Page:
One of the most seductive forms of open innovation is to recruit the best minds in the world to work on really tough problems. Often this is done in the form of competitions. And, when the goal of the competition is to make the world a better place by solving a tough social problem, they tend to attract world-class talent as well as considerable press. What’s great is when the people who are attracted to address these challenges have a lot of local knowledge, because without that local knowledge and context, the designs are often fatally flawed.
Two such competitions caught my eye this month:
* Local Motors Goes International: Still Time to Vote on Five Great Vehicle Designs
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Shell is sponsoring this competition with Local Motors for the design of appropriate vehicles for five different cities in the world. Each vehicle is supposed to be able to be built from locally sourced materials, be environmentally friendly, and to address a social issue that is specific to the city. It’s really fascinating to look through the entries and to read about both the problems being addressed and the local materials being promoted. It’s also great that in each case, the competitors include designers from the local regions who are familiar with the local traffic and road conditions as well as with the local materials.
Among my favorite designs are:
Romain Chareyre’s “I Love Bangalore” 4-seater diesel/solar-powered on road/off road Rickshaw replacement.
Paulo Enacana’s LM Urban.Pod for Sao Paulo — a gas + electric 2-seater made out of bio-plastics (including sugarcane).
Cosmin Mandita’s Basra Red design of an ambulance designed to get help to people in need in Bara.
You can sign up on the Local Motors/Shell Game-Changer site to vote and comment on the designs for all 5 cities (including Houston and Amsterdam) up through March 4, 2012.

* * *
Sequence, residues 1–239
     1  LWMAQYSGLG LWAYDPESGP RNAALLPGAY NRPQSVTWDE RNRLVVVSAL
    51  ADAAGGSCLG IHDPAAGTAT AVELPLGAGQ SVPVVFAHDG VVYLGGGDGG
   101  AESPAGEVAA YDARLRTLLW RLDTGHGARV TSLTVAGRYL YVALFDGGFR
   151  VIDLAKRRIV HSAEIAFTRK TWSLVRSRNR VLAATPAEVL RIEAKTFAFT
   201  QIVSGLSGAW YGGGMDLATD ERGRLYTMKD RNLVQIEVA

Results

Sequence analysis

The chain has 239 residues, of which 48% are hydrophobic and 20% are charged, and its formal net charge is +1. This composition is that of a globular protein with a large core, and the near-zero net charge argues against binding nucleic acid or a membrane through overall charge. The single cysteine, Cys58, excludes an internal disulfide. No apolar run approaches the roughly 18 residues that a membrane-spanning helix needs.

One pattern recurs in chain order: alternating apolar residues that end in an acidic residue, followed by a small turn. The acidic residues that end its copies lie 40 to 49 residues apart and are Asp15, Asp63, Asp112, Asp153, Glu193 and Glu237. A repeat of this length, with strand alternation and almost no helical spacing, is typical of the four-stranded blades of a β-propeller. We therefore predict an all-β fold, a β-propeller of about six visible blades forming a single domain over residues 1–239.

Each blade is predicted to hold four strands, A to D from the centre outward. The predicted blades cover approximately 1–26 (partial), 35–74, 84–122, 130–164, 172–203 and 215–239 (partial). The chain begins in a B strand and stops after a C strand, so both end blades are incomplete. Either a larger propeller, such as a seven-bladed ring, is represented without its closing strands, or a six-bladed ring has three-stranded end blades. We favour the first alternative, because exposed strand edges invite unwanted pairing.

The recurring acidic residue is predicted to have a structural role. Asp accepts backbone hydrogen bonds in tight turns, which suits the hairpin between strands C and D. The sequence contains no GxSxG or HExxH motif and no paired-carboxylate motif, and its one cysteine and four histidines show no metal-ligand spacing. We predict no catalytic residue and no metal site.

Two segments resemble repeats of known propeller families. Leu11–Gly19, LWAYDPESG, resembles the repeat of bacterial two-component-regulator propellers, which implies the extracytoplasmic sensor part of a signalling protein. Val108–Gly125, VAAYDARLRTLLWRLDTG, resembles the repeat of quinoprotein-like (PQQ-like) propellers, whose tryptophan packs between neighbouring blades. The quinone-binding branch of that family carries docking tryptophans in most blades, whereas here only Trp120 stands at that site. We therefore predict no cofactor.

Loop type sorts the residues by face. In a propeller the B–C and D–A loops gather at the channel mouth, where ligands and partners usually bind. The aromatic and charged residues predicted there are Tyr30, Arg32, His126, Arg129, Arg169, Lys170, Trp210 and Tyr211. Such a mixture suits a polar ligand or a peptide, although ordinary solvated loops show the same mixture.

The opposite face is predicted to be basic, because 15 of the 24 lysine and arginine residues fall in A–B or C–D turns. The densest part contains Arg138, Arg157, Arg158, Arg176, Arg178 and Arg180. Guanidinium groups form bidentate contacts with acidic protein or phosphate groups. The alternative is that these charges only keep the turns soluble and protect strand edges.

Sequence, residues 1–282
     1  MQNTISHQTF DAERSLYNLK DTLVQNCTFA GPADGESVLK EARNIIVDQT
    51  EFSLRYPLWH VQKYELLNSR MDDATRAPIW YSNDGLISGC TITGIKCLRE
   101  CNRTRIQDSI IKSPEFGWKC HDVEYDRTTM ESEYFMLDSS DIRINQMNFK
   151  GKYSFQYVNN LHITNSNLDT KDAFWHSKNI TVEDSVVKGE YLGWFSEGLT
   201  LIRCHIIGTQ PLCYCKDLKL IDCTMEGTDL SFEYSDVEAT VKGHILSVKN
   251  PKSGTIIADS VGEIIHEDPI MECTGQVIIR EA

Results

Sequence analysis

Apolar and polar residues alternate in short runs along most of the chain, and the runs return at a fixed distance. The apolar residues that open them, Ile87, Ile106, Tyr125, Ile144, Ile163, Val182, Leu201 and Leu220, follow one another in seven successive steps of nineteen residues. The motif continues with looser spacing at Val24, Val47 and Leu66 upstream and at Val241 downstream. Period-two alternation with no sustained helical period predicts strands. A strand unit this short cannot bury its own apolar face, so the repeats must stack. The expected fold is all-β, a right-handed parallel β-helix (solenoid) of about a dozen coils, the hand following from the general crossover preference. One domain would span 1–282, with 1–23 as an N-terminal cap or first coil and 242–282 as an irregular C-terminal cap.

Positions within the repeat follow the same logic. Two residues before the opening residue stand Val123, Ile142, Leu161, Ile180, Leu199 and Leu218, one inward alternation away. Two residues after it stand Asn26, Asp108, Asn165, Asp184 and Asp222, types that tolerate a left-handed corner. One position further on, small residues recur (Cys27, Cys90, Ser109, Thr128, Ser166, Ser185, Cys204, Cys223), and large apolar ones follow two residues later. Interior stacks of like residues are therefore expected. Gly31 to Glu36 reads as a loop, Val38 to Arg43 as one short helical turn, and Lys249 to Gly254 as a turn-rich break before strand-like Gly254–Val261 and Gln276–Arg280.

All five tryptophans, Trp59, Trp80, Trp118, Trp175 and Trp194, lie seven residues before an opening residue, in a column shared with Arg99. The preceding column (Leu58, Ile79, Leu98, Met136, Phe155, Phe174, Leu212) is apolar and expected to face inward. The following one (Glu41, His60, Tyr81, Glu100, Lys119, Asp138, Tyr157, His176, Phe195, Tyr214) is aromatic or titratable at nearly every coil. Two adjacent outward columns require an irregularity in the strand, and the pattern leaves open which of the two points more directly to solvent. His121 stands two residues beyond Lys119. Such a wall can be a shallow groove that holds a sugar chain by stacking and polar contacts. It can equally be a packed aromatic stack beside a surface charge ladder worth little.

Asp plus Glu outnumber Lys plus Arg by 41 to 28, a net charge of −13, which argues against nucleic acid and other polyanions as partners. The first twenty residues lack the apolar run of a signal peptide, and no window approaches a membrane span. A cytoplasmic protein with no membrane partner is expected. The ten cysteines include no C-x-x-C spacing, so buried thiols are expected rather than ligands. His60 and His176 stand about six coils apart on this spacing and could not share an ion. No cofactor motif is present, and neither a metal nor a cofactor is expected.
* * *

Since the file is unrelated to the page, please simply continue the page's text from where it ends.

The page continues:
* Recruiting Global Experts to Design a $300 Home for 3rd World Residents
The second competition is the one that the Tuck School of Business at Dartmouth ran which resulted in two prototypes for homes (one rural and one urban) that could be built out of local materials for $300. These homes are planned to be built in Haiti as the first test site. You can see the winning entries on the 300house.com blog. This first-prize went to a young woman, pstouter, for “a natural stress-skin panel building system of light fiber and clay upper walls on a heavy earthbag or masonry base.”
As I think about the considerable talent and brain power that has been drawn to these competitions (and others like them), I am reminded of a memorable visit I made to the MIT D Lab a few years ago, with my colleague Mwalimu Musheshe who runs both the Uganda Rural Development and Training Institute and the Ugandan National Agricultural Advisory Services (NAADS). Our host was a remarkable engineering professor, Amy Smith, who runs an amazing program in which she travels with students around the world, finding engineering problems that need to be addressed and combining the talent of her students with the local talents of local craftsmen and inventors to come up with really useful solutions to real-world problems—solutions that can be designed and produced locally—in Latin America, Africa, or Asia.
Amy proudly showed us a series of metal corn-husking tools that had been developed and improved for different types of corn grown around the world. Amy explained that the problem being addressed was that girls and women in poor villages were the ones who were saddled with the task of removing corn kernels from corn cobs in order to prepare the meals every day. She showed how much faster the task was when you used one of these purpose-built metal rings to remove the kernels quickly. Musheshe listened and watched and then he picked up two ears of corn, rubbed them against each other and removed all the kernels faster than the metal device had done. It was a great lesson in context-gathering! Make sure the problem you’re addressing is one that really needs a technical solution!